The Holocaust is mostly relevant here in that it added urgency to the establishment of the State of Israel in the eyes of Jews and aroused some amount of sympathy for it in the eyes of the international community, which nonetheless did not disregard Palestinian Arabs. In 1947, with thousands of displaced Jewish survivors looking to immigrate to Palestine, Zionists accepted the UN Partition plan, outlining a Jewish state and an Arab state that would function as an economic union, a sort of confederation with an internationalized Jerusalem. Palestinians and the Arab states backing them rejected this plan. Their rejection has received many retroactive explanations, some cogent and others less so. But none justify the genocidal rhetoric with which it was articulated, and which Jews took very seriously. On the eve of the ensuing war, Hassan al-Banna, founder of Egypt’s Muslim Brotherhood, was quoted in the NY Times as promising to “throw the Jews into the sea,” a phrase that was then picked up by Haj Amin al-Husseini, Mufti of Jerusalem, and Arab League field commander in 1948, Fawzi al-Qawukji, a WWII veteran of the German Wehrmacht.

When Nada Elia invokes the false equivalence between Palestinian suffering and European anti-Semitism, she obscures all Ottoman and Mandatory Palestinian history, casting Israeli violence against Palestinians as altogether unprovoked and motivated by base racial/tribal animus and colonialist rapaciousness. This then justifies or excuses all Arab violence against Jews. Indeed, she performs this ideological over-determination by directly pivoting from the quote above to the present, declaring:

In the Palestine/Israel equation, there is, very strictly, an oppressor and an oppressed, an occupier and an occupied, one nation, Israel, violating the human rights of the other, with no reciprocation. Just as there is no such thing as reverse racism, or reverse sexism, there is no reverse occupation. Israel is defending its ethno-religious supremacy, and its illegal occupation, Palestinians are resisting their dispossession and disenfranchisement.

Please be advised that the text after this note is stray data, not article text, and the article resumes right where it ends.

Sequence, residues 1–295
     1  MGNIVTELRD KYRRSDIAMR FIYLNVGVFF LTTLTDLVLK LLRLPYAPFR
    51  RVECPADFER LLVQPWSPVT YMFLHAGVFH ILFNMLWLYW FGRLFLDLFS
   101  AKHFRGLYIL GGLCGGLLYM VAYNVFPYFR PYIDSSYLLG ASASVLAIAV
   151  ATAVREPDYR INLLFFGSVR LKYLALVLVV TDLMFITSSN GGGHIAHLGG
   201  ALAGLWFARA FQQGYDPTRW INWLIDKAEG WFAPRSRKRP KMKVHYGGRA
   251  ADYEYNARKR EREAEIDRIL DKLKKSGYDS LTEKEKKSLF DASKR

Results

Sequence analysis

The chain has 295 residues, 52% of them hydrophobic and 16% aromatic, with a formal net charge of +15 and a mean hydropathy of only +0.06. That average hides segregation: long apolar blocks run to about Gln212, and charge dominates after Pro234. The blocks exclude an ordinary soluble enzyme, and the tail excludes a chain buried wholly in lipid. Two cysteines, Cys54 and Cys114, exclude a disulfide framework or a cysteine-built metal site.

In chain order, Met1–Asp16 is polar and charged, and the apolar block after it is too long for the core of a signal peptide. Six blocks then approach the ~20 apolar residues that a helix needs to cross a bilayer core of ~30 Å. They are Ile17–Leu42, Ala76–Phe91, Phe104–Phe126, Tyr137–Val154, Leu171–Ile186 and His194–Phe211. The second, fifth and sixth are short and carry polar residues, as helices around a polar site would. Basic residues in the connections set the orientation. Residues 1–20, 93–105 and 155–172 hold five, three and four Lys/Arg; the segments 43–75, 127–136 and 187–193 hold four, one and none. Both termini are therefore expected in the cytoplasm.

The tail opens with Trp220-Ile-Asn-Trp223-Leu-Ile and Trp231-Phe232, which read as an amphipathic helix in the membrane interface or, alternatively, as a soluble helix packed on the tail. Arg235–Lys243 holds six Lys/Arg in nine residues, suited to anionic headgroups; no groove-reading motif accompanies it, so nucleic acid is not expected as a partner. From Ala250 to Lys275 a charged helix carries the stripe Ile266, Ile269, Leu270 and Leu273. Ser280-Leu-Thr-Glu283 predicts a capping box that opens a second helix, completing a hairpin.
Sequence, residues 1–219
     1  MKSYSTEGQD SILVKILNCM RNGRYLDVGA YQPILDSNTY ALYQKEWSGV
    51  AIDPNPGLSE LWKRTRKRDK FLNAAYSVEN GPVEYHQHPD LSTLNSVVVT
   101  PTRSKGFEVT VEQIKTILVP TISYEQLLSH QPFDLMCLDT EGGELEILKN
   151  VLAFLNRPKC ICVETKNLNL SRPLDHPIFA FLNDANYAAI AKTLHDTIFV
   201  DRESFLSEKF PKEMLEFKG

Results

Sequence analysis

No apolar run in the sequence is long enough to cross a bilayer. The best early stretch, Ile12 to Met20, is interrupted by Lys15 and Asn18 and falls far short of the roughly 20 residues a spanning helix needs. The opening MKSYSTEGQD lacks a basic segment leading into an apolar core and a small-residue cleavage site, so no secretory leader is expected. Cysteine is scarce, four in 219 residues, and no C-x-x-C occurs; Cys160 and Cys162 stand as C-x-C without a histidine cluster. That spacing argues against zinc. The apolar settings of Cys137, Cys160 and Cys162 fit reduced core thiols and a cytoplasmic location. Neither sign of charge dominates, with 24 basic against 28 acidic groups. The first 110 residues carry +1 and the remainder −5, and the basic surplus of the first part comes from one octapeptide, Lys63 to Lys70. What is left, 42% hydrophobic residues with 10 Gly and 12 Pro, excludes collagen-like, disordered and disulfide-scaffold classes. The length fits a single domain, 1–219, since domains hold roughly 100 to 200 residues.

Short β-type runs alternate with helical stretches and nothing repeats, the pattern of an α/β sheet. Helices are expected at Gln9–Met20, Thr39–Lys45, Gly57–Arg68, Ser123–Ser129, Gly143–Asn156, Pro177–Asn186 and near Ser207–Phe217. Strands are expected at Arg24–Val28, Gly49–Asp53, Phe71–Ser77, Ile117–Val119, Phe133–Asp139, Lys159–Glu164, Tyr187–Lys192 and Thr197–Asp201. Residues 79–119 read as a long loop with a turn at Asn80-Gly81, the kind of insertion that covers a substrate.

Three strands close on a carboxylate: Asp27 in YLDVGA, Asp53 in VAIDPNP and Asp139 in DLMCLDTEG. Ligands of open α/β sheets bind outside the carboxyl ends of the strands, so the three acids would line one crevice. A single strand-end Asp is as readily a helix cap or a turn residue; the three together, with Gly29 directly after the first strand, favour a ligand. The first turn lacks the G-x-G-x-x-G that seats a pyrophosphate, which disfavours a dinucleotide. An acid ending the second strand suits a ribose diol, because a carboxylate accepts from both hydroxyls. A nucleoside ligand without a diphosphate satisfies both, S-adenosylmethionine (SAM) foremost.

Obscuring the genesis of the conflict obscures the dynamics of which still drive it. Though she is correct about its untenability, her historiographic malpractice misleads people regarding its causes and thence how to think about solutions.

A critical mass of Israeli Jews is convinced that what Palestinians truly want is not a political reorganization that extends equality to all, but for Jews to disappear, either to leave or to die. As such, the vast political, material, and military disparity privileging Israel is sincerely held as necessary, precisely as protection from “dispossession and disenfranchisement” and worse.

Israel’s militarism and its investment in violence is and always has been primarily motivated by an existential imperative. Unlike colonial oppression, its raison d’etre is not to ensure privilege and control of resources, but the very lives of its citizens. This is not to say that Zionist Jews have not abused the situation for illiberal ideological motives. They certainly have. Zionism, like Palestinian nationalism, has its more and less liberal expressions. But Zionism has always fundamentally been about a renewal of Jewish national life in the Land of Israel, which should never have entailed a negation of Arab national life in Palestine. It should never have become the zero sum game that it has, but culpability for this does indeed lie with “both sides.”